The Korean journal of medicine, 73(5):496-502, 2007
The Korean journal of medicine; 대한내과학회지
Background : Anti-tuberculosis drugs used in combination cause adverse drug reactions, but the prevalence of the reactions and risk factors have not been determined. This study aims to identify the prevalence and risk factors of adverse drug reactions (ADR) to the use of first line anti-tuberculosis drugs.
Methods : A total of 435 newly diagnosed patients with tuberculosis (44.1 years+/-19.0 years) were eligible for this study. All patients received daily oral isoniazid (300 or 400 mg), rifampicin (450 or 600 mg) and ethambutol (800 mg) for 6 months, and pyrazinamide (20 mg/kg) for 2 months. Blood tests were performed regularly (before treatment, 2 weeks after treatment, and bimonthly there after). Patients were interviewed 2 months and 6 months after treatment. A serious ADR was defined as any ADR that resulted in the discontinuation of one or more of the drugs.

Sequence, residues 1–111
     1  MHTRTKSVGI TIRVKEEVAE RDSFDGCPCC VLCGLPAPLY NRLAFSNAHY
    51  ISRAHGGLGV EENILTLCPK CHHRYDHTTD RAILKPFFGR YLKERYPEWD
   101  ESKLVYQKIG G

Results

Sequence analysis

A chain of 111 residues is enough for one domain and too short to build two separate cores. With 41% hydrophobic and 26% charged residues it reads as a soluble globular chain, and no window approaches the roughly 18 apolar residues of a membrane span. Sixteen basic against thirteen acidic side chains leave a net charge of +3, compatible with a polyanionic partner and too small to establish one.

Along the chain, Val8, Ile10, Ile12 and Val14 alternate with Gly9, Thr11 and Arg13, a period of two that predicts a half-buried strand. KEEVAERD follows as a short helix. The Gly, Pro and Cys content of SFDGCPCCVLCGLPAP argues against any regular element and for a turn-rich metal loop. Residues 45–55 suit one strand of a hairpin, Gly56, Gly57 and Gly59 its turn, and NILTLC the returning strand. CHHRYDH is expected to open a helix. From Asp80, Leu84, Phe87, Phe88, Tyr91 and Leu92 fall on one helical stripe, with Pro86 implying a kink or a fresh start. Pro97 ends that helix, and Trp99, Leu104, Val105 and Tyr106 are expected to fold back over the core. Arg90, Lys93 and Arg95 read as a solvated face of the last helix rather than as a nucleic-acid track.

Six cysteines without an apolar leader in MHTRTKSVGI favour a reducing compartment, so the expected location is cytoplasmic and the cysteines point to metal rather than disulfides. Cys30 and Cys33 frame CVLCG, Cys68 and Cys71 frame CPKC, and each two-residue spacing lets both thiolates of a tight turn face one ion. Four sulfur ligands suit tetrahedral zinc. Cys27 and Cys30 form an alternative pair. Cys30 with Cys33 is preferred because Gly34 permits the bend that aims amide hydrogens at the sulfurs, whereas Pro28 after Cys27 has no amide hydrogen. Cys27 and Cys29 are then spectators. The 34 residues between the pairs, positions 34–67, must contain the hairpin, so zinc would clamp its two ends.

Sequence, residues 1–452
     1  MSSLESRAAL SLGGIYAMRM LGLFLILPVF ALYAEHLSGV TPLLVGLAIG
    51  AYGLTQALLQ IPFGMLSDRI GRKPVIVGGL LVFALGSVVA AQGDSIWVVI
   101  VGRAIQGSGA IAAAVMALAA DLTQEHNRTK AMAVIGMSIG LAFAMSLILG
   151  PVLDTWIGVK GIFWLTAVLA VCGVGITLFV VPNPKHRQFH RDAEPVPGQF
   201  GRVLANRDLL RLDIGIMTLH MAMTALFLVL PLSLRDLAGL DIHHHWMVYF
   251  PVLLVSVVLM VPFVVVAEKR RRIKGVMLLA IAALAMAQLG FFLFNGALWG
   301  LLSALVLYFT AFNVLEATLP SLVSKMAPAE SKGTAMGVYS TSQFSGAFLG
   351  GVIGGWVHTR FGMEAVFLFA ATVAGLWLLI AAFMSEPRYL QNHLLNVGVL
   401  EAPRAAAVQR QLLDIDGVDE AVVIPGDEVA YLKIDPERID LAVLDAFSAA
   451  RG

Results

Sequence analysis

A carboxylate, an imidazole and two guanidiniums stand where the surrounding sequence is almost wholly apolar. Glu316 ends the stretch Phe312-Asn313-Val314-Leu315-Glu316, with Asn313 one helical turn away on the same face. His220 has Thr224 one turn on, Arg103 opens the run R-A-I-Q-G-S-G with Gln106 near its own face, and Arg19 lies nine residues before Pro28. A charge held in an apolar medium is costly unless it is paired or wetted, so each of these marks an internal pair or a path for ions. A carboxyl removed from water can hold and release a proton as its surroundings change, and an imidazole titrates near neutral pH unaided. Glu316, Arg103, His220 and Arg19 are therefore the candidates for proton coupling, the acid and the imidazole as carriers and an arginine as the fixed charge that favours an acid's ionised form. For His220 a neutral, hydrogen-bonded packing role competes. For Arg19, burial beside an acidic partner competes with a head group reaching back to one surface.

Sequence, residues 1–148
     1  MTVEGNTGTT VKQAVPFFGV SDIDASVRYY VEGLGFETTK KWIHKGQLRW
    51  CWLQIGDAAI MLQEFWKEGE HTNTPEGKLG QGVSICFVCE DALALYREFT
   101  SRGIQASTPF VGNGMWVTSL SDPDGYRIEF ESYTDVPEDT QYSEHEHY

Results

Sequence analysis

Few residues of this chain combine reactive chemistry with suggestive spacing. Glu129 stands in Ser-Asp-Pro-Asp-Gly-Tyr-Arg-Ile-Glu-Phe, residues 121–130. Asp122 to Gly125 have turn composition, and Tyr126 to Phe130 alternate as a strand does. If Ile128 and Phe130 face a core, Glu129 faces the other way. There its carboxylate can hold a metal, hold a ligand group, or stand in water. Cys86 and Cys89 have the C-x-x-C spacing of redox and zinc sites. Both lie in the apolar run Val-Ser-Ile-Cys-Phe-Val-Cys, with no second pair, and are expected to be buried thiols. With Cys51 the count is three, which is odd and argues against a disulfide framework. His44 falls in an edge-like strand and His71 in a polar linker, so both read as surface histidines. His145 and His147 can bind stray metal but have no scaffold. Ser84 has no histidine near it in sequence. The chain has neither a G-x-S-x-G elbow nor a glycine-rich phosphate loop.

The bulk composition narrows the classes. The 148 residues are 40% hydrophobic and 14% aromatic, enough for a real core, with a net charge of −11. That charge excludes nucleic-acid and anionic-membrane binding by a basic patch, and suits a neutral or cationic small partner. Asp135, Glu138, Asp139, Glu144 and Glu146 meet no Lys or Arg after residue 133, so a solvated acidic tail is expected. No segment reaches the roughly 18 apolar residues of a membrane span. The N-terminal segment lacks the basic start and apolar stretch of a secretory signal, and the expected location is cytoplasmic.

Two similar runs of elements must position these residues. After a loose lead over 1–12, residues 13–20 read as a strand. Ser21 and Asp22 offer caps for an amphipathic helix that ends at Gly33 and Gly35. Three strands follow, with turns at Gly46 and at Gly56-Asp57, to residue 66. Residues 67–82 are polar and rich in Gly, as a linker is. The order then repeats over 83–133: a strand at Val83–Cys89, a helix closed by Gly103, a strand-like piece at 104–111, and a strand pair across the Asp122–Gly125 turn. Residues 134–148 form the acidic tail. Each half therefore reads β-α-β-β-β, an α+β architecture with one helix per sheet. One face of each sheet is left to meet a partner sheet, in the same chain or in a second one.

Results : An ADR was noted in 52.6% of all patients. Gastrointestinal (19.3%), cutaneous (17.7%), hepatic (13.8%), renal (12.6%), and neurological (10.3%) ADRs were frequent and hematological (4.4%), musculoskeletal (3.0%) ADRs were less frequent. A skin ADR was associated with an elevated baseline of liver enzymes (odds ratio, 3.48; 95% CI, 1.2 to 9.9), whereas a hepatic ADR was associated with a history of chronic liver disease (odds ratio, 4.82; 95% CI, 1.7 to 13.2). The prevalence of any serious ADR was 9.7%. Occurrence of any serious ADR was associated with a history of chronic liver disease (odds ratio, 4.29; 95% CI, 1.4 to 13.6).
Conclusion : Anti-tuberculosis drugs given in combination frequently caused a ADR and the findings suggest that a patient receiving anti-tuberculosis treatment should be closely monitored.
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